where a(x) and a^\dagger(x) are the annihilation and creation operators for the fields \phi and \psi respectively. Using Wick's theorem, we can simplify this to:
H_{\mathrm{int}} = \dfrac{\lambda}{4}\int d^3x \left(:\phi^2(x)\psi^2(x): + \phi(x)\psi(x)\phi(x)\psi(x) \right)

where :: indicates normal ordering. Now, using the definition of the S-matrix and Wick's contraction, we can write the O(\lambda) contribution to the scattering amplitude as:
\langle f | S | i \rangle = \lim_{t_{\pm}\to \pm\infty} \langle f | S(t_+,t_-) | i\rangle = \langle f | T\left\{e^{-i \int_{-\infty}^\infty H_{\mathrm{int}}(t)dt}\right\} | i \rangle

Expanding the time evolution operator to first order in \lambda, we have:
\langle f | S | i \rangle = \langle f | T\left\{1 - i \int_{-\infty}^\infty H_{\mathrm{int}}(t)dt\right\} | i \rangle

Using the expression for H_{\mathrm{int}}, we can write:
\langle f | S | i \rangle = \langle f | T\left\{1 - i \dfrac{\lambda}{4}\int_{-\infty}^\infty \int d^3x :\phi^2(x)\psi^2(x):dt\right\} | i \rangle

Now, we can use Wick's theorem to evaluate the contractions and obtain:
\langle f | S | i \rangle = \langle f | T\left\{1 - i \dfrac{\

## 1. What is the S-matrix?

The S-matrix is a mathematical tool used in quantum field theory to describe the scattering amplitudes of particles. It is a matrix that relates the initial and final states of a scattering process, and contains information about the probability of particles interacting and exchanging energy and momentum.

## 2. How is the scattering amplitude computed from the S-matrix?

The scattering amplitude is computed by taking the elements of the S-matrix that correspond to the initial and final states of the scattering process, and using them to calculate the probability amplitude for that process. This involves performing mathematical operations on the elements of the S-matrix, which can vary depending on the specific scattering process being studied.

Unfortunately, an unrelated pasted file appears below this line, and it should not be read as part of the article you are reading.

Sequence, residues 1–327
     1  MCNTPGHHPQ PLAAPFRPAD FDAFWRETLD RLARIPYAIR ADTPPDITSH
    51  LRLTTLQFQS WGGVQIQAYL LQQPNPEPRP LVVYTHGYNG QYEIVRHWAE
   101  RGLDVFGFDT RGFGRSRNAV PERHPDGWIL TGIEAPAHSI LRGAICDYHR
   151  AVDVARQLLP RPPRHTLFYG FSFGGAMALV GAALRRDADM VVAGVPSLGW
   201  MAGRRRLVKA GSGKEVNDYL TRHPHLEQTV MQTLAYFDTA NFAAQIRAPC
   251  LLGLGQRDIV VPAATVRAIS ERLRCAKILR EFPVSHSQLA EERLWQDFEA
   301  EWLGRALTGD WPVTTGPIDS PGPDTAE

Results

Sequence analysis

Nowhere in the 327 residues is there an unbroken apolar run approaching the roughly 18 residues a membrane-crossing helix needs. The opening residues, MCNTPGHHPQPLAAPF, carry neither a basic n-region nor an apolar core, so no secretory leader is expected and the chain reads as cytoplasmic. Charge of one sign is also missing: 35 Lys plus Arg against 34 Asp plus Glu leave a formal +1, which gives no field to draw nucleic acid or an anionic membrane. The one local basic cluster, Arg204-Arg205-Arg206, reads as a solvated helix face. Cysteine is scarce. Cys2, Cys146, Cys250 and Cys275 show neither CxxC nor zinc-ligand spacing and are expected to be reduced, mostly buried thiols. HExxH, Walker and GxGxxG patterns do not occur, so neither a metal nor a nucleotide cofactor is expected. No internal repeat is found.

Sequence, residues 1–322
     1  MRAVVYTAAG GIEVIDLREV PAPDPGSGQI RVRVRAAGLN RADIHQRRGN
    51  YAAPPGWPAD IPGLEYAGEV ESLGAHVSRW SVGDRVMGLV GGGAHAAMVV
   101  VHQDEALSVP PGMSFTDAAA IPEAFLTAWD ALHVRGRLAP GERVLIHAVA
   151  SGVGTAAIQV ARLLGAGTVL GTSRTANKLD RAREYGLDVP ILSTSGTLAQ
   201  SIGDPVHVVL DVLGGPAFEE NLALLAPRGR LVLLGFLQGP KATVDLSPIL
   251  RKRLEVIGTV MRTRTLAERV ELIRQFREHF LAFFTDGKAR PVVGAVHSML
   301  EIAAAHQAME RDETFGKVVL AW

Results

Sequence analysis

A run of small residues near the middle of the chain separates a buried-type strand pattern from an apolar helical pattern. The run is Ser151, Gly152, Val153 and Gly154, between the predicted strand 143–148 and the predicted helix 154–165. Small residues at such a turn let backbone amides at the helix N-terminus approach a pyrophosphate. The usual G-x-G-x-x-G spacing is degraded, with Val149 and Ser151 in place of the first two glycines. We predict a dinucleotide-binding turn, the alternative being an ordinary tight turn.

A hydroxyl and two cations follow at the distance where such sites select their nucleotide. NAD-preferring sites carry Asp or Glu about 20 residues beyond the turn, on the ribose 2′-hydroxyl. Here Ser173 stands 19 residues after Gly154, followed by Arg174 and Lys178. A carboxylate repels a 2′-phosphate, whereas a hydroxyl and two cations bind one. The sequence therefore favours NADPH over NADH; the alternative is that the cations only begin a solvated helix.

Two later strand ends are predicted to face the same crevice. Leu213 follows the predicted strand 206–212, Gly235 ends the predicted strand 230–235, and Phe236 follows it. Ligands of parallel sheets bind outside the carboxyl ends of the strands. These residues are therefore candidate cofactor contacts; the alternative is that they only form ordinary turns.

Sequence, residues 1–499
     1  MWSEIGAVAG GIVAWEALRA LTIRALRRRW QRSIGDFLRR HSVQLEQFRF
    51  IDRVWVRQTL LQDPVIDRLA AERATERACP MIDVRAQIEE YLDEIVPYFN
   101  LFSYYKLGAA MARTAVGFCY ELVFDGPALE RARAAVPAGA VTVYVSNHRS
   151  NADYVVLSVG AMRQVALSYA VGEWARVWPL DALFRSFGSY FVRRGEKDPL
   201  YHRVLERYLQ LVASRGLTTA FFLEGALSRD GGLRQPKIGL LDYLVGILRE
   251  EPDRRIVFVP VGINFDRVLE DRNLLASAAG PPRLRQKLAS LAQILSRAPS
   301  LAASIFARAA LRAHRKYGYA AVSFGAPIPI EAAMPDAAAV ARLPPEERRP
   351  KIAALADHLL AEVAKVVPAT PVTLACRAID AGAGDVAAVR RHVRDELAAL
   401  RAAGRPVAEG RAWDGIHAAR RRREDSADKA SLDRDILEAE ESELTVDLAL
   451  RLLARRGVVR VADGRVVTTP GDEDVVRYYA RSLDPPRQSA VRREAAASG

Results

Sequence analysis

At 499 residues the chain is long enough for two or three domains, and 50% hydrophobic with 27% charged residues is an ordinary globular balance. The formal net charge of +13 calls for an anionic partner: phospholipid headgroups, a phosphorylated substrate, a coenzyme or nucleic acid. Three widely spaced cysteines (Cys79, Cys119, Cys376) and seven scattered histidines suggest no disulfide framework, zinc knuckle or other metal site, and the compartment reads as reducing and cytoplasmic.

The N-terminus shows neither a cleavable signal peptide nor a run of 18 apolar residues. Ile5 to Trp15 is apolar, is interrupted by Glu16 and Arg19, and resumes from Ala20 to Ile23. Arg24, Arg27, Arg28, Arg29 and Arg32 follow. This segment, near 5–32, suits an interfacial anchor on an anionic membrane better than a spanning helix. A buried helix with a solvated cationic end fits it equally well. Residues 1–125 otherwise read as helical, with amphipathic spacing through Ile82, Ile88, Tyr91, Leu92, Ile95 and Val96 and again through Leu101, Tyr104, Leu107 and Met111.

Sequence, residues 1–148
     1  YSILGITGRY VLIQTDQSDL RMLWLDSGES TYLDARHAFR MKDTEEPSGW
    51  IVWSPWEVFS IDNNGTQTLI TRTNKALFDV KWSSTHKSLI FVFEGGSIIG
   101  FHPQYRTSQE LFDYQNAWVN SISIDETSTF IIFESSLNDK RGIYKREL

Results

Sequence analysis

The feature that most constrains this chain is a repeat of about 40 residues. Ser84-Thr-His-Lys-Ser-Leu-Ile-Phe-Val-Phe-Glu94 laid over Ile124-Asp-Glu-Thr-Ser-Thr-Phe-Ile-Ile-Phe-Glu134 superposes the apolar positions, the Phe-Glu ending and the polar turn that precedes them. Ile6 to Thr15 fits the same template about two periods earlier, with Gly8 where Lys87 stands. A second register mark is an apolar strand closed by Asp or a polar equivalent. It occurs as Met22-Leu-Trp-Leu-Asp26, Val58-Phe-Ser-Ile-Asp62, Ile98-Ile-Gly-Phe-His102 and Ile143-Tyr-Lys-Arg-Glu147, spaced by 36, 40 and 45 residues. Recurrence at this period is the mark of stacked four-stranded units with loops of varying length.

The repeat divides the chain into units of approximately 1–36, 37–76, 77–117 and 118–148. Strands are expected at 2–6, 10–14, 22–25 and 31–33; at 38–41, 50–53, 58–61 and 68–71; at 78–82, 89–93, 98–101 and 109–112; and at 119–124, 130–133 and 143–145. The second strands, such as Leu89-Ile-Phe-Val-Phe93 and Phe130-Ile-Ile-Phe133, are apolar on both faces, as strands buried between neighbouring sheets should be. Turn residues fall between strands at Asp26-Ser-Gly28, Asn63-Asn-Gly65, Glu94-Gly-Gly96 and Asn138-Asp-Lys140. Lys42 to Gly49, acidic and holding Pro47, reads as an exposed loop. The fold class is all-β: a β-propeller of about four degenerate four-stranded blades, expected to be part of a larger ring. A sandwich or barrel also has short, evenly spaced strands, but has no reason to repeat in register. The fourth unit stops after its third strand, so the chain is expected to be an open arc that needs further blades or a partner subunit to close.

## 3. What are the inputs and outputs of computing the scattering amplitude from the S-matrix?

The inputs for computing the scattering amplitude from the S-matrix are the initial and final states of the scattering process, as well as the energy and momenta of the particles involved. The output is a numerical value representing the probability amplitude for that process to occur.

## 4. How is the S-matrix used in experimental particle physics?

In experimental particle physics, the S-matrix is used to analyze the results of particle scattering experiments. By comparing the measured scattering amplitudes to the theoretical predictions calculated from the S-matrix, scientists can test and validate different theories and models of particle interactions.

## 5. Are there any limitations or challenges to computing the scattering amplitude from the S-matrix?

One limitation is that the S-matrix formalism is most useful for describing high energy scattering processes, and may not be as accurate at lower energies. Additionally, the calculations involved in computing the scattering amplitude from the S-matrix can be complex and time-consuming, requiring advanced mathematical techniques and computer simulations.